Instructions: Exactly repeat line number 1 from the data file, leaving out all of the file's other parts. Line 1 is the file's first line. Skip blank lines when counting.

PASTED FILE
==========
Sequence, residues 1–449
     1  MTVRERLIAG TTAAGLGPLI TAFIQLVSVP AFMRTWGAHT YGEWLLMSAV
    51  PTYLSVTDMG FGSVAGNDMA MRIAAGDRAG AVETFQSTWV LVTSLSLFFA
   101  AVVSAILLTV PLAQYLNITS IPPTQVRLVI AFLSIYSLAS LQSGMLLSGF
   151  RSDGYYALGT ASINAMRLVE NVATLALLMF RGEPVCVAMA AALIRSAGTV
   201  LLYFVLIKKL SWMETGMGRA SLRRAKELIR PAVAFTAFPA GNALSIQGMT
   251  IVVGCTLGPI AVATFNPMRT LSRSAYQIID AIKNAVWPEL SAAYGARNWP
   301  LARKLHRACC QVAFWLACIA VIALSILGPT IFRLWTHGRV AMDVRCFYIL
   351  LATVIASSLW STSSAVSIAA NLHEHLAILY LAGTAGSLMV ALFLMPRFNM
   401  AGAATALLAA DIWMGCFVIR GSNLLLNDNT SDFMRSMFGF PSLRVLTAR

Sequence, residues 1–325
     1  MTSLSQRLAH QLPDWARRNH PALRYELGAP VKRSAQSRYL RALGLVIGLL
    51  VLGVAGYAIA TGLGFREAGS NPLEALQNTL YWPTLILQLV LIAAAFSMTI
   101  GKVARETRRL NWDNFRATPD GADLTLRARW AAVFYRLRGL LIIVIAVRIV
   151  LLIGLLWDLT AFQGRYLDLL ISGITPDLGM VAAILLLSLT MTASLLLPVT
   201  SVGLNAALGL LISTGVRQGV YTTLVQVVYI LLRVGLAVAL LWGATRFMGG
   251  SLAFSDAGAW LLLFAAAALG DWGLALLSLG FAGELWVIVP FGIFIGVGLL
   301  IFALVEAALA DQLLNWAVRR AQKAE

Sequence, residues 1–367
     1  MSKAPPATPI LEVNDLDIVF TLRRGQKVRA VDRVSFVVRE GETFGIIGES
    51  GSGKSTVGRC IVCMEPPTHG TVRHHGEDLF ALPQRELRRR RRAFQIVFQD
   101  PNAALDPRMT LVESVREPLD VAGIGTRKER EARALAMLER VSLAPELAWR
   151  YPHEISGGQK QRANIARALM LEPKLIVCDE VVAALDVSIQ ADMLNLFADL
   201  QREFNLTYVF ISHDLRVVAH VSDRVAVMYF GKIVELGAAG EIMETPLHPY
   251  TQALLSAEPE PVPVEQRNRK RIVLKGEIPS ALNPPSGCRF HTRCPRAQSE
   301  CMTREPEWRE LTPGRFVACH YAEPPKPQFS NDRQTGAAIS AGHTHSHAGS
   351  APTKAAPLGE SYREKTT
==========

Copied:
Sequence, residues 1–449